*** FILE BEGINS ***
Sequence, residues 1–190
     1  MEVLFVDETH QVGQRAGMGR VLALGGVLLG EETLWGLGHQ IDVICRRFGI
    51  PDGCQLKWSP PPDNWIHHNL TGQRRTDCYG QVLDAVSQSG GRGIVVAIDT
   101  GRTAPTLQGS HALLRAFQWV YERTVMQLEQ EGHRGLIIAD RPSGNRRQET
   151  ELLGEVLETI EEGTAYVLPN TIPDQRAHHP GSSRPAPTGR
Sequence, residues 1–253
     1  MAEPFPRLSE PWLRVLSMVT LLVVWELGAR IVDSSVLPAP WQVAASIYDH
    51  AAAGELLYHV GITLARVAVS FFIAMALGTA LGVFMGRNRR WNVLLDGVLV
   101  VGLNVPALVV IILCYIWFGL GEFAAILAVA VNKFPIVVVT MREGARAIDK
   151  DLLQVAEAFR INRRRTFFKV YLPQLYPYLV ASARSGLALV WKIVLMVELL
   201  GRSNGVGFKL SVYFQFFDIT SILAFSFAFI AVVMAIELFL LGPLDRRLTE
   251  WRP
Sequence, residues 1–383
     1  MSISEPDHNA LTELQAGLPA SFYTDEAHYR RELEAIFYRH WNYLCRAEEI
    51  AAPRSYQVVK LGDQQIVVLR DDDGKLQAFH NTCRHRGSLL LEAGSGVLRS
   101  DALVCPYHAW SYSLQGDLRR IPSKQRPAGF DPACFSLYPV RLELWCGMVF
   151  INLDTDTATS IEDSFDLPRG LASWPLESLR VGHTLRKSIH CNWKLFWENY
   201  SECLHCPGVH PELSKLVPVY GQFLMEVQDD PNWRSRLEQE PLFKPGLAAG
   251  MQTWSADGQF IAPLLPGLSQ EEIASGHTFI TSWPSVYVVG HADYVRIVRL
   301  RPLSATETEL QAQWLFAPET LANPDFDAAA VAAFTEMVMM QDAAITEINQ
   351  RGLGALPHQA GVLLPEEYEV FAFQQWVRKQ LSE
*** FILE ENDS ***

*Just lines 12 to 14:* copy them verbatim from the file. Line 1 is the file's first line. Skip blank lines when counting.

   251  WRP
Sequence, residues 1–383
     1  MSISEPDHNA LTELQAGLPA SFYTDEAHYR RELEAIFYRH WNYLCRAEEI